Living in a new environment can be hard enough, but living in a foreign country is even more challenging. Though it can be easier for some people to make the transition, it’s not the same for everyone. However, the challenges we face in life cannot dictate our experiences. After all, isn’t the goal of studying abroad to become part of the local culture?
Here are 5 ways to become culturally acclimated:
1. Stop looking to find things that are only familiar to you
This is important to note because when we become accustomed to a certain lifestyle, it can be hard to break that cycle. Break out of your comfortable little turtle shell and see your new home for what it is, historically, culturally and socially.
2. Interact with the local crowd
This can be hard, but there’s not much of a choice because you will be living in this new community for a while. Personal interactions are important to gain a different perspective on the culture and diminish stereotypes.
3. Find a neighborhood hangout
This is one of the easiest ways to eliminate culture shock for the first few weeks of being in a new country. Once you have that comfort place, you can move on to doing more advanced activities that require more local interaction such as festivals, special holiday celebrations and sporting events.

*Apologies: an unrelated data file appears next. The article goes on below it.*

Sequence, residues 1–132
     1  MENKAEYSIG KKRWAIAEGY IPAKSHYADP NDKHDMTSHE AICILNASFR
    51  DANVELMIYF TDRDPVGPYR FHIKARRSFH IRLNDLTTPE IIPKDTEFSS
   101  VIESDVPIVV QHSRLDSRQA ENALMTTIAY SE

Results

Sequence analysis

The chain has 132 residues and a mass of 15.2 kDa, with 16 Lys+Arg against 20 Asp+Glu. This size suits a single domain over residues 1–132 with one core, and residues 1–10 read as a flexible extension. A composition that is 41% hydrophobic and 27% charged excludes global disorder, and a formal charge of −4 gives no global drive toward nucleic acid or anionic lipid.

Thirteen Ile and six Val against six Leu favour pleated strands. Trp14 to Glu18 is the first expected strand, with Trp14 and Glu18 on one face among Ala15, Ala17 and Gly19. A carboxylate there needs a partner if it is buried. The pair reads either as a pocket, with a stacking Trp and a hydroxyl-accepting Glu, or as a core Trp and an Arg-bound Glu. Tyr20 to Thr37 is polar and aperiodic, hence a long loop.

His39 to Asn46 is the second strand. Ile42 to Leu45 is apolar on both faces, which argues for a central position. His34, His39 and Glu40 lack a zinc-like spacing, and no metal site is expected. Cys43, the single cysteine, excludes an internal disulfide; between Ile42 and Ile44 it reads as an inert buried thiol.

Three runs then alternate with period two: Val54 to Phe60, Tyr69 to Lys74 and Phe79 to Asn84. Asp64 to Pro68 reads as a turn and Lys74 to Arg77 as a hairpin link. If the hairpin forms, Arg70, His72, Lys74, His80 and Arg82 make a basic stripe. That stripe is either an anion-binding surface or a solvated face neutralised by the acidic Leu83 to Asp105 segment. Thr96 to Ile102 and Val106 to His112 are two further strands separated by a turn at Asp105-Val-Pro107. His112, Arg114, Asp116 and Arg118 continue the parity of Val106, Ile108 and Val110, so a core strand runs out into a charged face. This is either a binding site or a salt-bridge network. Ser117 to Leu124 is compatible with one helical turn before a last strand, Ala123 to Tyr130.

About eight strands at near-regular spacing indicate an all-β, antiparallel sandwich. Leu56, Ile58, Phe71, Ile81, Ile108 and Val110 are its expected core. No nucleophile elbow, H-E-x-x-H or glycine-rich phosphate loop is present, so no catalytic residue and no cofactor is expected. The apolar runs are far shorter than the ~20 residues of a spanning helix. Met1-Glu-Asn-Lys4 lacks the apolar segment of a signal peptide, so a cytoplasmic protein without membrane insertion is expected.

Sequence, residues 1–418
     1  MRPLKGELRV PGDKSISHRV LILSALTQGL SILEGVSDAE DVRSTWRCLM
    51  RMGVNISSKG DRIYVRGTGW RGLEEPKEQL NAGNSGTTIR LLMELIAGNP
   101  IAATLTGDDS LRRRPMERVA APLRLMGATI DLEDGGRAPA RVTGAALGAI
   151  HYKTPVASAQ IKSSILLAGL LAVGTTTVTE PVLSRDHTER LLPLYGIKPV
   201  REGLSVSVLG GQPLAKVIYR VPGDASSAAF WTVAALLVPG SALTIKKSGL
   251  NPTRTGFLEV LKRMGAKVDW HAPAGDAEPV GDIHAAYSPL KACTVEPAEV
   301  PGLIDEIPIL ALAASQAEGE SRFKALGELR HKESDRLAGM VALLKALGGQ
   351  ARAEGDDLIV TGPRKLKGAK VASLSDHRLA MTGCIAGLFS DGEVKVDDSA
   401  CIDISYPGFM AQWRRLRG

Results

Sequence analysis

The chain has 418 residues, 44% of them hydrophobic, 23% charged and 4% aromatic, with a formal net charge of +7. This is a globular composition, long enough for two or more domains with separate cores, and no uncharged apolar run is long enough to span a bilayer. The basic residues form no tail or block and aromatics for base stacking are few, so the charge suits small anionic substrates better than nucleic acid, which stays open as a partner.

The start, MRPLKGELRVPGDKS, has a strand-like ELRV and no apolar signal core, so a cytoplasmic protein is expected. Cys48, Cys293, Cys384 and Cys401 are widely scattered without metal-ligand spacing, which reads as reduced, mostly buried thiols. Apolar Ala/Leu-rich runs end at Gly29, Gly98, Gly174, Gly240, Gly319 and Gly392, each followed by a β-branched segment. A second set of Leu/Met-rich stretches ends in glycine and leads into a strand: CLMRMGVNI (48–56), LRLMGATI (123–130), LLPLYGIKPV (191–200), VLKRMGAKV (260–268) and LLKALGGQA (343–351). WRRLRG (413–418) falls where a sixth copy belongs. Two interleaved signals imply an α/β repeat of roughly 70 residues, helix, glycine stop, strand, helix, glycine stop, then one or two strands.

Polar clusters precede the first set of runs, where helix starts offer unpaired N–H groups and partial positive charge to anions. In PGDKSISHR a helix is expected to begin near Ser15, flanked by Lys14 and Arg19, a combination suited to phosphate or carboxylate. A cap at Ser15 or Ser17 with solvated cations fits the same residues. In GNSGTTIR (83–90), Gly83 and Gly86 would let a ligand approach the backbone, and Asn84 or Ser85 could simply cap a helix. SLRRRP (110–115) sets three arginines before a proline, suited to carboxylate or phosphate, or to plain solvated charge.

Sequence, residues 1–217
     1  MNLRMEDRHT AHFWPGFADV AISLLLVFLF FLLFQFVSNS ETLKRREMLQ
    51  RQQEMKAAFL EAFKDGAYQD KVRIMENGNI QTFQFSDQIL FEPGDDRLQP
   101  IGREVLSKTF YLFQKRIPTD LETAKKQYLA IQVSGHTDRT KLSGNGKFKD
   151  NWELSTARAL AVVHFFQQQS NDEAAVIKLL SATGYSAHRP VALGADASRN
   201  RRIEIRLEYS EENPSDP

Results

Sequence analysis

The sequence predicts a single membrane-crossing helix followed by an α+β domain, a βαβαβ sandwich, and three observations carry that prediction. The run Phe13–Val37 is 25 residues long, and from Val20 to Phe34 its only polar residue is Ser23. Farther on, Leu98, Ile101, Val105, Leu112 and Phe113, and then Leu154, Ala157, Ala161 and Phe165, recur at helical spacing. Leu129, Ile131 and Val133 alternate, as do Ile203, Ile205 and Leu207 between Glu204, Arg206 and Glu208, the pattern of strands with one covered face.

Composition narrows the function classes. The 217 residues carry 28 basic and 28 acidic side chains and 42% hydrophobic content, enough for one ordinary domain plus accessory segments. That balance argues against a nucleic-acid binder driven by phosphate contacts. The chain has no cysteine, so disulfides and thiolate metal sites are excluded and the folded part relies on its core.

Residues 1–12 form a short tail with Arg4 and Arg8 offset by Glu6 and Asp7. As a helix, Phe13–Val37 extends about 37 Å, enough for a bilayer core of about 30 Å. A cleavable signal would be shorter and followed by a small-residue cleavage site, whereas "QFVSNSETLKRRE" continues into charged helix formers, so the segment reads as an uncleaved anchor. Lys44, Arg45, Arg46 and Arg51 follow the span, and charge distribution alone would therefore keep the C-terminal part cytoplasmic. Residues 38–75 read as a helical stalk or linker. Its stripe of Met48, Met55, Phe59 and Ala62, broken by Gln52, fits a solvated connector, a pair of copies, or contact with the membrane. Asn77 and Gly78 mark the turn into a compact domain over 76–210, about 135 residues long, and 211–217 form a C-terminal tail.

4. Take advantage of traveling to nearby cities
For many people, studying abroad is an exclusive, one-time opportunity so do not take it for granted. Make the most of the opportunity to travel to neighboring countries and cities. We only have one life to live, so why not explore these opportunities?
5. Get involved in cultural and on-campus activities
If you have a specific hobby, such as painting, dancing, sports, playing music or singing, search for local events that pertain to your interest and sign up. Be enthusiastic and willing to learn, and locals will be as interested and willing to help as you seem.
Do not miss out on a great experience because you were too afraid to live in the moment. And remember the words of Buddha, “It is better to travel well than to arrive.”
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